Previous research on advice-taking explored various cues that people use to infer compe-
tence [31,32]. In this paper, we focused on two of them: expertise and the outcome of the deci-
sion. In what follows, we explain their importance for and influence on the perception of
Expertise. From early childhood human beings are attuned to others’ expertise [31–39].
“Says who?” is what we immediately think when exposed to someone else’s opinion [40].
Indeed, it makes more sense to listen to someone who has a reputation for epistemic authority
than to someone who lacks it. Research shows that decision makers tend to assign higher
weight to the opinions of experts [36–38]. People constantly consult with others whose social
status, profession, education, experience or other cues signal their greater or lower expertise
[15]. Oftentimes, however, advisees are tempted to stick to their own opinions and to discount
or dismiss those of others [17,39,41,42]. It is important to know, then, what social costs they
may incur for such a behavior. More specifically, will their lower expertise put them at greater
risk of being judged as arrogant, and can their higher expertise protect them from this danger?
As was explained above, dismissing the advice of a person with greater expertise may seem
less justifiable and make an arrogant motive seem more likely. We thus hypothesized that the perceived arrogance of a person who dismissed advice would be inversely related to his/her exper- tise relative to the advisor. That is, a more expert advisee would be perceived as less arrogant, and a less expert advisee would be perceived as more arrogant (Hypothesis 1).
Outcomes. The outcome of a behavior is often viewed as the best criterion of its worthi-
ness: if it’s good, the behavior was good; if it’s bad, something was wrong with the behavior.
This notion lies at the core of numerous philosophical theories of ethics, such as consequen-
tialism and utilitarianism [43,44]. People may use the same heuristic with respect to the out-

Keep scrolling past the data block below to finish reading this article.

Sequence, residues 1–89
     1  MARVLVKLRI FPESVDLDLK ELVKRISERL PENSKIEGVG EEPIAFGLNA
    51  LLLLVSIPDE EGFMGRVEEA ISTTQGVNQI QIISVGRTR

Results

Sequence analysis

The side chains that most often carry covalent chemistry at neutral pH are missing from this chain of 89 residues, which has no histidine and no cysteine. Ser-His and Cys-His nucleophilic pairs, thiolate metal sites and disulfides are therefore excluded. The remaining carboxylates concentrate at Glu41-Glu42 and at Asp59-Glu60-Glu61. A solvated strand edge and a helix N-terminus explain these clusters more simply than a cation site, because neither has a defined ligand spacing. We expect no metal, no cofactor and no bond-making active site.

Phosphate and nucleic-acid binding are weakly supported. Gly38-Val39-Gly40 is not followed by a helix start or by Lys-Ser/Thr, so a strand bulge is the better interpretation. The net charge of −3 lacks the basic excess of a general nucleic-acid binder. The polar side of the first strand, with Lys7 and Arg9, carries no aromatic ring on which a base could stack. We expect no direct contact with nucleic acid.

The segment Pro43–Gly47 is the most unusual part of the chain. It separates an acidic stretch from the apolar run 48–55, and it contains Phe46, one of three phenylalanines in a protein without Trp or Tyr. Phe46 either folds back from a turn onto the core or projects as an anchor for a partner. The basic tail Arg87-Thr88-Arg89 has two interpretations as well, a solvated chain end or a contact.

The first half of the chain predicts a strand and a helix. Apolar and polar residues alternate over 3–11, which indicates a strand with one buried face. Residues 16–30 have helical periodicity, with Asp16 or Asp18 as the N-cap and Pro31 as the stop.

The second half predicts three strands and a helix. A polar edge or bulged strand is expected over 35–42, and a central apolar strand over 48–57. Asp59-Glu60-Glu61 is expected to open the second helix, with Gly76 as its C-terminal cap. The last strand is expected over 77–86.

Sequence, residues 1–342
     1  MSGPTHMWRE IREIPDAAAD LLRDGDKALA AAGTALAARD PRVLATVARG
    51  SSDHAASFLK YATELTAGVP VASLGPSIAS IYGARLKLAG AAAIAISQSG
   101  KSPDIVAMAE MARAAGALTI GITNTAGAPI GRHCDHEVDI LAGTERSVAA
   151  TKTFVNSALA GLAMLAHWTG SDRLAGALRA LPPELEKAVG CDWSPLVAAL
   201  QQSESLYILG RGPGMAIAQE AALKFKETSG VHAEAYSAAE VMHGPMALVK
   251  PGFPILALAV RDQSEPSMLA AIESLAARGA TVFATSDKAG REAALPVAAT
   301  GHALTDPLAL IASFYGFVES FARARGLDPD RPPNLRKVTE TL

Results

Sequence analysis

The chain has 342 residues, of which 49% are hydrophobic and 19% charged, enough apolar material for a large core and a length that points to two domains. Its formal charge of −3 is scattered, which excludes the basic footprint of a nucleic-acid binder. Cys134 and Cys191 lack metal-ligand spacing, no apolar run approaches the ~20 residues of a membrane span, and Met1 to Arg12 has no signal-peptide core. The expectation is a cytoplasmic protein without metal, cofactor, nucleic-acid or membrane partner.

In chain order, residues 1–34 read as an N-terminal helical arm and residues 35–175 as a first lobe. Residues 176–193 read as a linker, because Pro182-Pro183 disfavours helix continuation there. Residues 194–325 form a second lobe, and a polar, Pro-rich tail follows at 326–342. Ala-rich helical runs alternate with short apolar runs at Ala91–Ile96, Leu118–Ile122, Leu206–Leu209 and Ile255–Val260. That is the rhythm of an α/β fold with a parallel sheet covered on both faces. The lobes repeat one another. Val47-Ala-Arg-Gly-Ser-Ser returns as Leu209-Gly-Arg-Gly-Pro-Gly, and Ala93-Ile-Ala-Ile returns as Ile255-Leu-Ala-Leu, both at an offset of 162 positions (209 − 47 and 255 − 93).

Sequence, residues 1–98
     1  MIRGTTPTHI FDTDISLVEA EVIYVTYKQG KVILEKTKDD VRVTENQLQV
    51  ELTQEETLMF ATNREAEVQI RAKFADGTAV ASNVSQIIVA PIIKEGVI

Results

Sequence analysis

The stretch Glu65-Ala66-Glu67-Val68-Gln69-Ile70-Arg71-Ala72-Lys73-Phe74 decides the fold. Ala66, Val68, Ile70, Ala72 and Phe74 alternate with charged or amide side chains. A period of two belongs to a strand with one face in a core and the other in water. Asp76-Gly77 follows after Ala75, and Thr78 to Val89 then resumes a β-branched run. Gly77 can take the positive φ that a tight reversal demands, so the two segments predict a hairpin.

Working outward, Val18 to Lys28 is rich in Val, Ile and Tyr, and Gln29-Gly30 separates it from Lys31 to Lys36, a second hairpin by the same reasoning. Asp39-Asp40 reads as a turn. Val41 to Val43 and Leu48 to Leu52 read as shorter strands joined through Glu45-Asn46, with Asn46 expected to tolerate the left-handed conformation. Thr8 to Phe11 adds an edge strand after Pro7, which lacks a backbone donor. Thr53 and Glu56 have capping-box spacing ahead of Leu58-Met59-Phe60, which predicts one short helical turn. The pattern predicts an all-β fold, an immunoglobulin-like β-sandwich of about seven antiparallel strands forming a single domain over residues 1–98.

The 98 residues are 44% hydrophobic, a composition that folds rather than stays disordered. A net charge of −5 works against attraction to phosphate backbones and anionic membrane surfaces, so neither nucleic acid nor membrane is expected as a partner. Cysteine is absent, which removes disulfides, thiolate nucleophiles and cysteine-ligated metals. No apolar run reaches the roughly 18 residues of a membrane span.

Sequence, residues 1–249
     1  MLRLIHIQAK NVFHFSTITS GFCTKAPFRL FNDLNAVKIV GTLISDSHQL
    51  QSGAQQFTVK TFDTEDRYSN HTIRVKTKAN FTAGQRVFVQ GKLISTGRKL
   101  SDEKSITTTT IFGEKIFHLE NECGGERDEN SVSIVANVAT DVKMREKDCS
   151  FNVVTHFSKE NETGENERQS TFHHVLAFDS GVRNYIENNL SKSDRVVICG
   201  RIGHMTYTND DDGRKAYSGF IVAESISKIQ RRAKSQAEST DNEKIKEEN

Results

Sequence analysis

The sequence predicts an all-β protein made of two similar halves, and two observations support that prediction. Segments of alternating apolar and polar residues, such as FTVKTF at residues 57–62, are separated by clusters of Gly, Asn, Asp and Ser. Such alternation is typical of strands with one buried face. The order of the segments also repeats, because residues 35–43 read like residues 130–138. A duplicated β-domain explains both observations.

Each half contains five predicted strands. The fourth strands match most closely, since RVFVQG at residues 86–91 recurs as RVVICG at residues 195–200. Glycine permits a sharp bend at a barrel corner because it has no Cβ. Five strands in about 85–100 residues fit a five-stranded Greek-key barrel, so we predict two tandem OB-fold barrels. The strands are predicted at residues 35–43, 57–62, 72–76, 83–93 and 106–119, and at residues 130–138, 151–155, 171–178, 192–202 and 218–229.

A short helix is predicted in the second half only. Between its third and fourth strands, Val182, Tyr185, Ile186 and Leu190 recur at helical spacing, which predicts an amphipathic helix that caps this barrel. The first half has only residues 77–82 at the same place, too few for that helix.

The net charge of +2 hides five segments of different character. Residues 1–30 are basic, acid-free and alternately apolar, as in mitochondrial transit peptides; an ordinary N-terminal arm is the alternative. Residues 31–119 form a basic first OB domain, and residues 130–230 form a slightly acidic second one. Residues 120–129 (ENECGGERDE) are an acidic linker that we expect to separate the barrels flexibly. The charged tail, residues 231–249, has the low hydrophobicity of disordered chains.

come of the dismissal of advice. Namely, observers may interpret the advisee’s eventual
correctness as evidence of his or her better knowledge, thus undermining the “arrogance”
interpretation. Conversely, an advisee’s mistake may be perceived as an indicator of poorer
knowledge and thus function as an aggravating circumstance that leads to higher ratings of his
Although decision analysts have criticized the consequentialism approach, pointing out
that good decisions can lead to bad outcomes (and vice versa) [45,46], the literature on hind-
sight and outcome biases has shown that people cannot ignore the outcome information while
judging the a priori likelihood of the outcome, even when they are explicitly instructed to do
so [47–49]. More relevant to our case, the outcome bias was found when people were making
judgments of other people’s behavior. Specifically, Gino and her colleagues [48] found that the
outcomes of unethical behaviors influenced people’s judgments of the ethicality of these
behaviors. Moreover, people may even use the outcome of the advice dismissal intentionally in
their arrogance judgments, because as was mentioned above, they may treat it as evidence of
the advisee’s competence in that particular issue. Based on these considerations, we hypothe-
sized that perceived arrogance would be inversely related to the decision’s outcome. That is, an outcome confirming the advisee’s opinion would make him appear less arrogant, while an out- come disproving the advisee’s opinion would make him appear more arrogant (Hypothesis 2).
Expertise vs. outcomes. In addition to investigating the effects of expertise and outcome
separately, we were also interested in the relative importance of the two factors for the percep-
tion of arrogance. This question is interesting for two reasons. First, if indeed the less expert
advisee’s dismissal of advice makes her look arrogant, the question arises whether she could be
rehabilitated by her eventual rightness. And vice versa: should a more expert person be afraid
that in the case of an erroneous dismissal of advice, she will be perceived as arrogant?
At first glance, it seems obvious that expertise should eclipse the outcome of a single deci-
sion, because expertise is based on one’s repeated experiences and extensive learning, while
Evidence for arrogance
one decision may be right or wrong through mere accident [46]. On the other hand, an out-
come may seem like a more valid cue of competence on any given issue. For example, a cook
may know about cooking in general, but may not know which specific dough is best for a par-
ticular cake. Indeed, the literature on heuristics and biases shows that people tend to neglect
statistical information in favor of individual cases [50–52]. Based on this literature, we hypoth-
esized that outcome information should trump the effect of expertise on arrogance judgments. More specifically, a positive outcome should decrease the aggravating effect of the advisee’s lower expertise on his perceived arrogance, and a negative outcome should decrease the mitigating effect of the advisee’s higher expertise (Hypothesis 3).
Interpersonal manner. The hypothesis about the influence of the interpersonal manner
on the perception of arrogance follows directly from the aforementioned definition of arrogance